For ages, Bhutanese have lived in harmony with and great respect for their natural world. They used the resources provided by nature as needed and due to the simplicity of their lives; rarely did they contribute to environmental damages. However, this has changed considerably in more recent times. Not only are our lives no longer so simple, our relationship with the environment is much more complicated and now we have tremendous power to harm the environment.
Our lifestyle in the 21st century makes huge demands on the environment. We use more and more resources like timber and water without thinking of its effects. But mother earth cannot sustain all of our desires. The pressure on the natural environment coupled with climate change and other factors has resulted in drying up of numerous drinking water sources around the country.
High demand for the forest products such as firewood, timber and flagpoles too has contributed to degradation of watershed areas, resulting in decreasing water discharge. Other contributors are road constructions, infrastructure development, extraction of forest products (both legal and illegal), over grazing and forest fires.
Euthok Gompa Monastic School, above Shaba in Paro has realized that the forest coverage in the watershed is on decline and has observed signs of decrease in the water discharge from the sources. The monasteries and villagers in the surrounding villages are worried about the declining forest coverage and shrinking water sources.
Shortage of drinking water particularly for Euthok Gompa and Dra Karpo monasteries has led the monks of the two monasteries often fetch their drinking water from Hebichu, few kilometres downhill, taking most of their precious time which otherwise could be used for studying. Bestowed with such situation, monks could hardly take a weekly bath and this has caused some skin diseases among the young monks.
To address these problems, Eutok Gompa has sought financial help from Bhutan Trust Fund for Environmental Conservation (BTFEC) for Rehabilitation of degraded watershed and improvement of water supply for Euthok Gompa and Dra Karpo. The two-year project that was started beginning this year is progressing well. Once complete, the watersheds will be rehabilitated and the pressure on the watershed reduced; there will be secure water supply for the monastic schools and the communities; and health and hygiene of the monk will be improved.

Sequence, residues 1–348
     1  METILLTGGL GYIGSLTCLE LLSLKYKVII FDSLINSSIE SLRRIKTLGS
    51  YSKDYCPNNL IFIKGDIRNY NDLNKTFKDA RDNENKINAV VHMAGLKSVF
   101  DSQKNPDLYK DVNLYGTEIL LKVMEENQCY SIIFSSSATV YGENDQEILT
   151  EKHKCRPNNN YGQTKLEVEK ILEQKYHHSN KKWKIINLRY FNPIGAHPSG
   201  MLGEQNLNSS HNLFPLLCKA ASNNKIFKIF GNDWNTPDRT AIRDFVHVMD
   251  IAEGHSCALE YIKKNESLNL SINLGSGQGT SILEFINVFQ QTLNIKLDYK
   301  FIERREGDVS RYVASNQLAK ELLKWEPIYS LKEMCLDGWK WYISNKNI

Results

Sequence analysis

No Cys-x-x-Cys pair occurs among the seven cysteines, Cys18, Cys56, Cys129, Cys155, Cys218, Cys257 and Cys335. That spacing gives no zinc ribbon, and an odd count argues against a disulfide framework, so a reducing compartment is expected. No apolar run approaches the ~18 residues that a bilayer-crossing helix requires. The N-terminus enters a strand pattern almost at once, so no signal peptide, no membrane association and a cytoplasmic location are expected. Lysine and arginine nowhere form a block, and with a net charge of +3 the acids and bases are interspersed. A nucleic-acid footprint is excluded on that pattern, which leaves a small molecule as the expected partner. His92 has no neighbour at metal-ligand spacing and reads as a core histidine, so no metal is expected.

Gegraded Lholing watershed
Through this project, the degraded Lholing watershed will be rehabilitated through enrichment plantation of native tree species and buffer zoning to restrict use of resources in watershed area. The extraction and use of sustainable quantity of fuel wood from the watershed for the two monastic schools will be reduced through installation of solar water heating systems. The other significant threat to conservation of Lholing watershed is due to extensive use of young pine trees for hoisting prayer flags on important occasions. This will be addressed through supply of long-lasting iron steel posts.With adequate supply of water, monks of two monastic schools including communities downstream can maintain health and hygiene. As part of the project, environmental awareness programme to all inhabitants within the watershed area would help in minimizing potential threats impinging functions and sustainability of services provided by the watersheds.This BTFEC funded project will directly benefit the two monastic schools of Euthok Gompa and Dra Karpo through supply of clean and adequate water for drinking and sanitation. There are 80 monks and 30 monks and nuns in Dra Karpo. It will also help hundreds of pilgrims visiting these monasteries.More than 250 households, with about 2900 people, of Zhunggarna, Langokha, Dunzhi, Drakarpo, Lholing will also benefit from the project. The excess water will help these monasteries and villages grow vegetables in their backyards.Euthok Gompa Lobdra is a monastic school instituted in a monastery build in the 12th century. It is one of the most revered and sacred monasteries in Paro. The monastic school is located on the dry ridge on the way to Dra Karpo Monastery. Euthok Gompa is located at the lower side of the watershed.